adequate reasons forthcoming as to what is the basis of determination of

interim maintenance at Rs. 20,000/- per month. The plea taken that the

petitioner had sold his property to pay a sum of Rs. 10 Lakhs to the

respondent has also not been taken into consideration. Therefore, this Court

is of the considered opinion that the interim maintenance as assessed is on

the higher side.

13. The petitioner has specifically pleaded that he is not holding a

regular job, does not own any land or property and is residing separately

with his widowed mother. On the contrary, the respondent wife pleads that

he is a man of substantial means, she relies upon an affidavit furnished by

the petitioner himself while seeking bail which states that he has land and

will not abscond, statement given by the petitioner that he is in a joint family

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and the matrimonial advertisement saying that he is a businessman, to claim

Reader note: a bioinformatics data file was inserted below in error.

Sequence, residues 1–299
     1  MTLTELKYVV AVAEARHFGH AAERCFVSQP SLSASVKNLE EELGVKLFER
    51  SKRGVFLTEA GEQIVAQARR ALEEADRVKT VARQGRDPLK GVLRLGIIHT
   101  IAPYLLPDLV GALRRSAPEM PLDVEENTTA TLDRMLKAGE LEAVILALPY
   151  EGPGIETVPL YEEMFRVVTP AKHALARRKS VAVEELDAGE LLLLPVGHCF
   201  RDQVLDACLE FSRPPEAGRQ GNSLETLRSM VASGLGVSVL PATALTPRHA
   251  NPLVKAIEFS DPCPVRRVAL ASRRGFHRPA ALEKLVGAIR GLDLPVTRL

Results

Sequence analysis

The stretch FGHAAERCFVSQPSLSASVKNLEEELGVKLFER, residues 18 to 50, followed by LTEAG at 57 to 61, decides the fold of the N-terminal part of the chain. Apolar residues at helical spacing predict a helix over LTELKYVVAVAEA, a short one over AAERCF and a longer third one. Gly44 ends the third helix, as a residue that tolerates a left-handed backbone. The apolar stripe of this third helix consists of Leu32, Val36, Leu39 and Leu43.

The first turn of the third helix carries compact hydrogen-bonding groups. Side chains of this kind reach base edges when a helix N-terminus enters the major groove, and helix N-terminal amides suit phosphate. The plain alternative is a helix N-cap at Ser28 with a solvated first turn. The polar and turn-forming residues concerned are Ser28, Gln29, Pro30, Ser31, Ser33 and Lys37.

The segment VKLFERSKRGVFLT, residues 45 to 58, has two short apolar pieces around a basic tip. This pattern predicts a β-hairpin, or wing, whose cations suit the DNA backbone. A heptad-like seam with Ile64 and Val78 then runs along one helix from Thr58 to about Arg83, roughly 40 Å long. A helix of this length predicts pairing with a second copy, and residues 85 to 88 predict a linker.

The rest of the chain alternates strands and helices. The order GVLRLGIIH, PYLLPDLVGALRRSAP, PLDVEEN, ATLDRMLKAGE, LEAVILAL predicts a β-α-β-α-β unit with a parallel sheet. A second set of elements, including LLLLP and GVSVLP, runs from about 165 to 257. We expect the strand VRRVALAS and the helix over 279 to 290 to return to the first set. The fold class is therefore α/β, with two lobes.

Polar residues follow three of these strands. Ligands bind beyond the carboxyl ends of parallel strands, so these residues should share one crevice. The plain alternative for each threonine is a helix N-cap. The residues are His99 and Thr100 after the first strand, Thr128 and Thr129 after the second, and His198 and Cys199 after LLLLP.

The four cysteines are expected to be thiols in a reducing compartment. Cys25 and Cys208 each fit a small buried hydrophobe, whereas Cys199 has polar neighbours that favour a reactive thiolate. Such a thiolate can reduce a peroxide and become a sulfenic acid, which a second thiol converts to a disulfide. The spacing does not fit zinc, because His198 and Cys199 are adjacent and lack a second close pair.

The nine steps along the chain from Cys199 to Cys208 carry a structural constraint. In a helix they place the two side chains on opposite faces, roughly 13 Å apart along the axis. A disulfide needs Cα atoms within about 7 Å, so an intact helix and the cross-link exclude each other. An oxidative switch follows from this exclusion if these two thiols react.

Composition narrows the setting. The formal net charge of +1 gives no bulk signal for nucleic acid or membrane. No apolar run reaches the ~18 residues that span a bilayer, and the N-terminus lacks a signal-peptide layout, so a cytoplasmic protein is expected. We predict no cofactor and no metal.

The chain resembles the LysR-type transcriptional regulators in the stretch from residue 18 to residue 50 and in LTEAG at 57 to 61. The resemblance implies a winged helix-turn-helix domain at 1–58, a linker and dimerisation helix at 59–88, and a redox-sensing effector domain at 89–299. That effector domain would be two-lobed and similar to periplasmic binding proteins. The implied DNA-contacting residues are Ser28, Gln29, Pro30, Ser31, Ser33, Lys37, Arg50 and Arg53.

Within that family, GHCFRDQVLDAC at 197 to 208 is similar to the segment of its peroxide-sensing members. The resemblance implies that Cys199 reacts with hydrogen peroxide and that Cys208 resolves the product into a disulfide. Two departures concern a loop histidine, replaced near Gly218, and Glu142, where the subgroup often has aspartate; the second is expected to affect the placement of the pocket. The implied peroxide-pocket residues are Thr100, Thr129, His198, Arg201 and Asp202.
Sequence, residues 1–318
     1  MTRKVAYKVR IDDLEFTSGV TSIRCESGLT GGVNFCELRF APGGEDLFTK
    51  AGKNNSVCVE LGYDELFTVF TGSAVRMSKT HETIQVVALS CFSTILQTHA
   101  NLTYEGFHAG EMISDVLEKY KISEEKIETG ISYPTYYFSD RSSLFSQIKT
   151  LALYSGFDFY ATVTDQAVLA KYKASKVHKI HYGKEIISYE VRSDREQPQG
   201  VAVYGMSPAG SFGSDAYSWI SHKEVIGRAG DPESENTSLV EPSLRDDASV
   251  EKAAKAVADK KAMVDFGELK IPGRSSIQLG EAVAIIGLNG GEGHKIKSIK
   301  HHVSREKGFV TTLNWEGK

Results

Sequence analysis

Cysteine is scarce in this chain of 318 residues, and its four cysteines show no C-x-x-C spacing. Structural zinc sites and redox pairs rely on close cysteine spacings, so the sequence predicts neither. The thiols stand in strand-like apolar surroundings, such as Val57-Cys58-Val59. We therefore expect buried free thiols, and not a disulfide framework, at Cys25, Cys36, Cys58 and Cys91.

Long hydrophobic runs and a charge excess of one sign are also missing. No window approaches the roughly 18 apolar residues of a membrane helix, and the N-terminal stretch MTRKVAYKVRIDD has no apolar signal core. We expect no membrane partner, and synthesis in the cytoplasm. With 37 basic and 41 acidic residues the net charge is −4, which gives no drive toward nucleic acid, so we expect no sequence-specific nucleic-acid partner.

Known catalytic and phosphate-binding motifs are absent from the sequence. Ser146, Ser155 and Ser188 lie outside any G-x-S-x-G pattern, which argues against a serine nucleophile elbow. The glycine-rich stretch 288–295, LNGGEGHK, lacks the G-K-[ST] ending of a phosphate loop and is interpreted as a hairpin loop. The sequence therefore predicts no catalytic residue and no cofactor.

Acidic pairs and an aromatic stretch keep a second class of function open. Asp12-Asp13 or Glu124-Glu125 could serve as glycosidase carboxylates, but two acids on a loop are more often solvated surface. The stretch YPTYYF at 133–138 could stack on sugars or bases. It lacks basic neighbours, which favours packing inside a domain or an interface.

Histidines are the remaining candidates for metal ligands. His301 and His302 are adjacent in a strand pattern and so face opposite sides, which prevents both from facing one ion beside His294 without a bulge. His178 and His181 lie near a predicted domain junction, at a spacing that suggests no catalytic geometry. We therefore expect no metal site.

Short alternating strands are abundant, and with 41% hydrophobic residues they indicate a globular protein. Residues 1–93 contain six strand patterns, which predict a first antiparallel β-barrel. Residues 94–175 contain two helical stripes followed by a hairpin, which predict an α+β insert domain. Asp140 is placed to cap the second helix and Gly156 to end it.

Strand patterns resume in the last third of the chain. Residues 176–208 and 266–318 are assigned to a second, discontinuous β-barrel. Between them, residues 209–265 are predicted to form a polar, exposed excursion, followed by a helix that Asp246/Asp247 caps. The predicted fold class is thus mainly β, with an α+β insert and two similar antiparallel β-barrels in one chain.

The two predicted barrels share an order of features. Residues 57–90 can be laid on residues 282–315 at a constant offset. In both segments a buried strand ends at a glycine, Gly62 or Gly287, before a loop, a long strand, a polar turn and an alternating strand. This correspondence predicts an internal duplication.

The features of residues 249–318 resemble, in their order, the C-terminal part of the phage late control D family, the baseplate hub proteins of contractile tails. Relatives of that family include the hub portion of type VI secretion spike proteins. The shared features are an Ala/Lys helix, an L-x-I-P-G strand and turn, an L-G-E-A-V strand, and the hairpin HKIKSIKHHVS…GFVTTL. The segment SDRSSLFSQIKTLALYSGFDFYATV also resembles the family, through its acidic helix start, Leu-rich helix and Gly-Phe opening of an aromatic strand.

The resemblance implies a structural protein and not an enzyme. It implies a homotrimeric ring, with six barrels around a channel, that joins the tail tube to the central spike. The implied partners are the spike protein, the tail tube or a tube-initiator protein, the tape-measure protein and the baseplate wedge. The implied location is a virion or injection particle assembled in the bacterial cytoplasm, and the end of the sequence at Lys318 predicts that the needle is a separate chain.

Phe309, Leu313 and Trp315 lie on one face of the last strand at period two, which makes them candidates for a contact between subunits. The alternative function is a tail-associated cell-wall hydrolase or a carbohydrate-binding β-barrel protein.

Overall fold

maintenance. None of these factors can be looked into at the present

moment by this court, as evidence is still being led. However, without there

being any sustainable proof, this Court finds that the interim maintenance

awarded is excessive.

14. In view of above, the instant petition is partly allowed. The

impugned orders dated 30.10.2014 29.01.2016 are modified to the extent

that the interim maintenance payable would be assessed @ Rs. 10,000/- per

month from the date of the application. The appellant-husband is directed to

pay the arrears within eight weeks from today.

15. However, while disposing of this petition, it is made clear that

the petition under Section 125 Cr.P.C is to be decided by taking all

parameters into account as discussed above and the JMIC is not to be

influenced by the order of this Court determining interim maintenance @

Rs. 10,000/- per month. In case the final maintenance is determined to be

lesser than Rs. 10,000/- per month, excess payment made same shall be

adjusted against future payments.

Let a copy of this order be dispatched to the respondent at her

given address.

November 03, 2017 (JAISHREE THAKUR)
Ansari JUDGE

Whether speaking/reasoned Yes/No

Whether reportable Yes/No